According to County Executive Committee Member (CECM) for Agriculture Mr. Wilfred Mwenda, one of the notable advantages of using improved Kienyeji chicks for this program is their cost-effective nature in terms of feeding, making it accessible and sustainable for local farmers.
To ensure accountability and proper documentation, the CECM says all beneficiaries of the chicken program are being registered upon receiving the chicks. This data will be subsequently used for registration within the cooperative framework.

“We are looking forward to having very vibrant and solid local cooperatives that will empower our people. It is just a matter of time before the fruits of this great initiative is seen,” says Mwenda.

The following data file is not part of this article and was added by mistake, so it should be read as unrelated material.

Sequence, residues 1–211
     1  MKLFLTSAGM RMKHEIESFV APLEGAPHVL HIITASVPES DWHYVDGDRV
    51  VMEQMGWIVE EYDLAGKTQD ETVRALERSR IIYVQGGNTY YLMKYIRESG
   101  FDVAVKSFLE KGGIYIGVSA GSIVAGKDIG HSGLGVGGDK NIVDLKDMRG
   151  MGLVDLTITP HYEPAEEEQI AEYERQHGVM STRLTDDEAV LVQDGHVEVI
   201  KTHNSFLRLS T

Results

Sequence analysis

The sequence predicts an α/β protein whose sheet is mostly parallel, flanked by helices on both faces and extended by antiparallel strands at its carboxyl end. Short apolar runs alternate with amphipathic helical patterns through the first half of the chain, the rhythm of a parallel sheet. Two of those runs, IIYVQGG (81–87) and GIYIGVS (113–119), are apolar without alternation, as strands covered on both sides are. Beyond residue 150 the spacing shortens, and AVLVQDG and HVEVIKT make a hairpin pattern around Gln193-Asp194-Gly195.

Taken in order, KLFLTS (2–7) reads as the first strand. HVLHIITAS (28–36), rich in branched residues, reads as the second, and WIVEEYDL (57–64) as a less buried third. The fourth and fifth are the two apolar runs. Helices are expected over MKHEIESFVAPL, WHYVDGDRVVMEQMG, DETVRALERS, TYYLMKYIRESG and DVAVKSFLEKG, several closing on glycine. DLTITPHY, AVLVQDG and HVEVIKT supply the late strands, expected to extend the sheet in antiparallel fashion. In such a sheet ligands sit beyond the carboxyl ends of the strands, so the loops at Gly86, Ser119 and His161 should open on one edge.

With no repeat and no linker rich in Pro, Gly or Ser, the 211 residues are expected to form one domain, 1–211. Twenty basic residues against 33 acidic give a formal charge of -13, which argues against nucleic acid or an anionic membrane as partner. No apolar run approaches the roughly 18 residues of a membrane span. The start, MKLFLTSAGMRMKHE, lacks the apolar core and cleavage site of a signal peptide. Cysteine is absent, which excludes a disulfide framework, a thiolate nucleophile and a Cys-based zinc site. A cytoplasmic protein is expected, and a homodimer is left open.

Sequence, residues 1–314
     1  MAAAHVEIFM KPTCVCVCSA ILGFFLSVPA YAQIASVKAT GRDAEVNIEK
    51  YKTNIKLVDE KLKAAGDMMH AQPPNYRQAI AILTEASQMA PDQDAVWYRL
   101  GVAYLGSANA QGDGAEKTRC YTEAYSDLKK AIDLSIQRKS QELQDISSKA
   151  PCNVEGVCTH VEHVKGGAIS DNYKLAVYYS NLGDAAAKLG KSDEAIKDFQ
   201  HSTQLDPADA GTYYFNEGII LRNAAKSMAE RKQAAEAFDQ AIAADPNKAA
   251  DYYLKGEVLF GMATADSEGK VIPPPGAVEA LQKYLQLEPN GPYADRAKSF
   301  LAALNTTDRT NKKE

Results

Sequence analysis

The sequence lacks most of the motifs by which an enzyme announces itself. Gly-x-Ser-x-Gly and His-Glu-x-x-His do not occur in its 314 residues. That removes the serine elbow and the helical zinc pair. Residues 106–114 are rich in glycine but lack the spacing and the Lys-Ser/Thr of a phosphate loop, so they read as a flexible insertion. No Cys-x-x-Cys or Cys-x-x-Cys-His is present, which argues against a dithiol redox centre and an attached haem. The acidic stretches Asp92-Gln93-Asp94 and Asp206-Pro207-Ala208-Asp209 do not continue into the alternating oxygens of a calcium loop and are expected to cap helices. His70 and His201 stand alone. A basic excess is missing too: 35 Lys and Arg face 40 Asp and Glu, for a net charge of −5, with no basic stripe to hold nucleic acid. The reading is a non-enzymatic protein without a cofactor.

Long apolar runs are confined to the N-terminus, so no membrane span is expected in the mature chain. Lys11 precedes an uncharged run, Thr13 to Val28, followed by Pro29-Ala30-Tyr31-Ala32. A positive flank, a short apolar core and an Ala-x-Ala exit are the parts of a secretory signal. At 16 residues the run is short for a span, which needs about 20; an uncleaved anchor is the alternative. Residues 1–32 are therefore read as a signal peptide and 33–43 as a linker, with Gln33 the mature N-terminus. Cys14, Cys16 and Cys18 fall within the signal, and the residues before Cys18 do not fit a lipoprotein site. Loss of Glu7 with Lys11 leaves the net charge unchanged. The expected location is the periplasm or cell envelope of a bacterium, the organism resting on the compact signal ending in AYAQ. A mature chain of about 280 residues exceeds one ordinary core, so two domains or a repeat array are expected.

In addition to the poultry initiative, The County Government has partnered with the National Government to establish an aggregation centre that will assist local farmers. The centre at Waruhiu in Githunguri, with a total investment of Sh500 million (Sh250 million from each government), is currently in the tendering stage. The centre will be pivotal for value addition to various farm produce, including avocados.

The Department of Agriculture has also put special emphasis on the lucrative Hass Avocado, which has the potential to transform the lives of Kiambu people.

As part of empowering farmers across Kiambu, the county government will be distributing 10 avocado trees to each farmer, further promoting agricultural growth and economic empowerment

Ruiru Central Medical Store Project Progress

Just next to Ruiru Level Four Hospital in Kiambu County stands a vast building resembling a warehouse.

On-site laborers are completing its finishing touches.

The County Government of Kiambu aims to use the building as a central medical facility where all of its supply orders for pharmaceuticals and non-pharmaceuticals will be housed before they are dispersed to all its 114 hospitals across the County.